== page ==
Friday, July 6, 2012

Back from Italy, and Mystified . . . . .

I'm mystified. Why do some people, when they write about the South, write like this?

"There is a mystery about the South that hangs over it like the Spanish moss that drapes the giant oak trees wherever you go. The mystery is conjured up from the southern nature, the sheer temperature of the environment, and the musicality of the landscape. When these ingredients come together, the result is a charmed region where life proceeds at a stately tempo."

This is the writing of one Carl Sesto, who, it turns out is professor emeritus at the School of the Museum of Fine Arts in Boston, where he taught photography for twenty years.

And it is total nonsense. There are vast regions of the American South where there is nary a trace of Spanish moss to be seen, and today, while it is 99 in Raleigh, NC, it is only 84 in Mississippi and it is 102 in Illinois and Indiana, 100 in Michigan, and 99 in South Dakota and New Mexico.

There is no one "southern nature." While the region has its charms, it is as much cursed as it is "charmed," a region haunted by its history and and by a legacy of poverty and fear and the exploitation of the weak by the strong and rich.

That's the legacy that gave rise to the music. That's the legacy that brought Robert Johnson to the crossroads in the Mississippi Delta, that caused residents of Appalachia to cling to the old songs they brought with them, that empowered and motivated the people who took that music up the Mississippi to Chicago, and to Detroit, and to New York. .

And anyone who thinks the South moves at "a stately tempo" has never been on the Atlanta beltway at rush hour, even when things stop dead, because there is nothing stately about being stuck in traffic on the Atlanta beltway.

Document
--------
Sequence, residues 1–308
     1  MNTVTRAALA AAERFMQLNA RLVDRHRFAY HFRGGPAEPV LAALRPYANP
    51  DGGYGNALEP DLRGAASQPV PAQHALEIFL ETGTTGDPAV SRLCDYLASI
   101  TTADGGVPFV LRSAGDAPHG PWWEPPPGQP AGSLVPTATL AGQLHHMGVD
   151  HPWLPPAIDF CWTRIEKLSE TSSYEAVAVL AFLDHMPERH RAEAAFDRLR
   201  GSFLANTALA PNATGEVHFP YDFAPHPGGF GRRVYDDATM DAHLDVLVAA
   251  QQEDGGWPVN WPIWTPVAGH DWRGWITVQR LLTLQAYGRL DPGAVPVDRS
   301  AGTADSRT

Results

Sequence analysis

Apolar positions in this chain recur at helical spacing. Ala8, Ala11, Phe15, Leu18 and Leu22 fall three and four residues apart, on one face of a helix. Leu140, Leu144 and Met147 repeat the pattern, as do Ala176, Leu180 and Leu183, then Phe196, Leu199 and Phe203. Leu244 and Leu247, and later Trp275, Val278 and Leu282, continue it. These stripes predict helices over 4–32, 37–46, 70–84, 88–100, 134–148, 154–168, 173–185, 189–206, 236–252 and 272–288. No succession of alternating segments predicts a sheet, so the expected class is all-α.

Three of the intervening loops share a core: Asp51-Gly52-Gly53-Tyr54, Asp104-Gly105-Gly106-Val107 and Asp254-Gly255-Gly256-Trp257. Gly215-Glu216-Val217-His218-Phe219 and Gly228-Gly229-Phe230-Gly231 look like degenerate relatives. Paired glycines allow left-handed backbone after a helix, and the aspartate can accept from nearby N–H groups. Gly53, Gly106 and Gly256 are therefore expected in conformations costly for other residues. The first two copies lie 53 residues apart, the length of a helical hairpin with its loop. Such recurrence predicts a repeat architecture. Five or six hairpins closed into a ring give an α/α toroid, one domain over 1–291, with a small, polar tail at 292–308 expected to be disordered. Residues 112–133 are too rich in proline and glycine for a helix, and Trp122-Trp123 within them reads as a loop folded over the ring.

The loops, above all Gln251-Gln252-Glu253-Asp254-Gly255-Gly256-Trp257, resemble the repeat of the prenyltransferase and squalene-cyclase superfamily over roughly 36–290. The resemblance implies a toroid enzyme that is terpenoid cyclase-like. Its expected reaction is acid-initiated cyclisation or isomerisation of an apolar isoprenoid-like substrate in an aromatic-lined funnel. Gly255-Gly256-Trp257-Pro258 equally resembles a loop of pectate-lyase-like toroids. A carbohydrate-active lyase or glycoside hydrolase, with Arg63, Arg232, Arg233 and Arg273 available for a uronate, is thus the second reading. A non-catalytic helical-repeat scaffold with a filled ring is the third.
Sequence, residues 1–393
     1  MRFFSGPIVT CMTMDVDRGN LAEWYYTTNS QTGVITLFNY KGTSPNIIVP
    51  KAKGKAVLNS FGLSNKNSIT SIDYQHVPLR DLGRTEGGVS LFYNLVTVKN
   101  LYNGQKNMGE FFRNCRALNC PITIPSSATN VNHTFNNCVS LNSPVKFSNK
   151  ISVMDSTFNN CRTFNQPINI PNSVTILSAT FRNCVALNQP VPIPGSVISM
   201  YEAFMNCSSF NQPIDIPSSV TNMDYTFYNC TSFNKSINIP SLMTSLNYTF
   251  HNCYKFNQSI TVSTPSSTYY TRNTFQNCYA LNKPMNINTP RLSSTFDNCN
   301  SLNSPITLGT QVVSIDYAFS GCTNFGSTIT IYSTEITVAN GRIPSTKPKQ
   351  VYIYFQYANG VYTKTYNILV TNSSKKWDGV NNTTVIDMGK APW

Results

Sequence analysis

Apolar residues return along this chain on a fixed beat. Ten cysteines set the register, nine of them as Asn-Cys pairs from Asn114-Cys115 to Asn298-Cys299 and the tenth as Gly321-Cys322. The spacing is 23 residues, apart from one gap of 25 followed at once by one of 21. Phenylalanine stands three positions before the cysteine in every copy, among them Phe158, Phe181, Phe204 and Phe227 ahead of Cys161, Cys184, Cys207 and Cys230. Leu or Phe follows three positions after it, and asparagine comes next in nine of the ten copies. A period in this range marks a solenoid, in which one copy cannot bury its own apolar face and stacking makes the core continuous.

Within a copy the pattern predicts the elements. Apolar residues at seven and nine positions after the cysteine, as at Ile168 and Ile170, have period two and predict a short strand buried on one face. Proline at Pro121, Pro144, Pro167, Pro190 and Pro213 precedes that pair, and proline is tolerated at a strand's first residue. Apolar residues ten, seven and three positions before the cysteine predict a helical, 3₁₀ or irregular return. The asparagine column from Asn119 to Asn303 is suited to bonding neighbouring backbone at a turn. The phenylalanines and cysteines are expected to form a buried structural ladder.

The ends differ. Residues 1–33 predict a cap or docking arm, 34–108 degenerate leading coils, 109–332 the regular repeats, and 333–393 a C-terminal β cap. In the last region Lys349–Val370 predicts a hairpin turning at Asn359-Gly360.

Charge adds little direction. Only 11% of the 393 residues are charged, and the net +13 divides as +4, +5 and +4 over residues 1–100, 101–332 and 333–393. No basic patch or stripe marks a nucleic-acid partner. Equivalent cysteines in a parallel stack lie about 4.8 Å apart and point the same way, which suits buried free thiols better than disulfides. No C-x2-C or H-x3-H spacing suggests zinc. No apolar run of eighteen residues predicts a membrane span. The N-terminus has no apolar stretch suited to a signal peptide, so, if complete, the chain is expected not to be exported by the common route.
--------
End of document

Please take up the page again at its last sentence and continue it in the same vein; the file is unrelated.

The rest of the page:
This is the stuff of moonlight and magnolias romanticism, conjured up by Margaret Mitchell and foisted on the nation by David O. Selznick, with the aid of Clark Gable and Vivien Leigh.

This stuff comes from a piece Carl Sesto wrote in the Tufts University Alumni Magazine, and you can read all of it here.

 The victim is Shane Lavalette, who has work up at the High Museum, as we know.

However one feels about Shane's photographs, he deserves better treatment than this.


  1. Reminds of a B minus movie I saw years ago [forgot the title] that was set in Louisiana, and every once in a while you would see some guy walk across the set carrying an alligator or two.

  2. I love Shane's pictures, but I think it loses its strength when the artist and reviewers like Mr. Sesto make these proclamations. As Lavalette says, the initial project has been influenced by music, I don't think making "lyrical pictures" because the south has roots in "old-time songs and gospel ballads" is enough justification for me.

  3. I think the answer might be as easy as that Mr. Cesto doesn't live here, in the South, and may have never been here, except maybe a trip to Atlanta or Charlotte, for an academic conference. He's getting his ideas (and poor writing quality) on what the South is about from the 200 years of manufactured illusions of the American South, manufactured by those not of the South.

  4. The thing is, the perspective from which one makes a photograph has a lot to do with how the image is seen. And Mr Cesto is a former teacher and mentor of Shane Lavalette. So I'm wondering about the connection between Mr Cesto's views of the South, and Shane's images of the South. What music does Shane listen to, and what does he hear when he hears it? Inquiring minds, etc.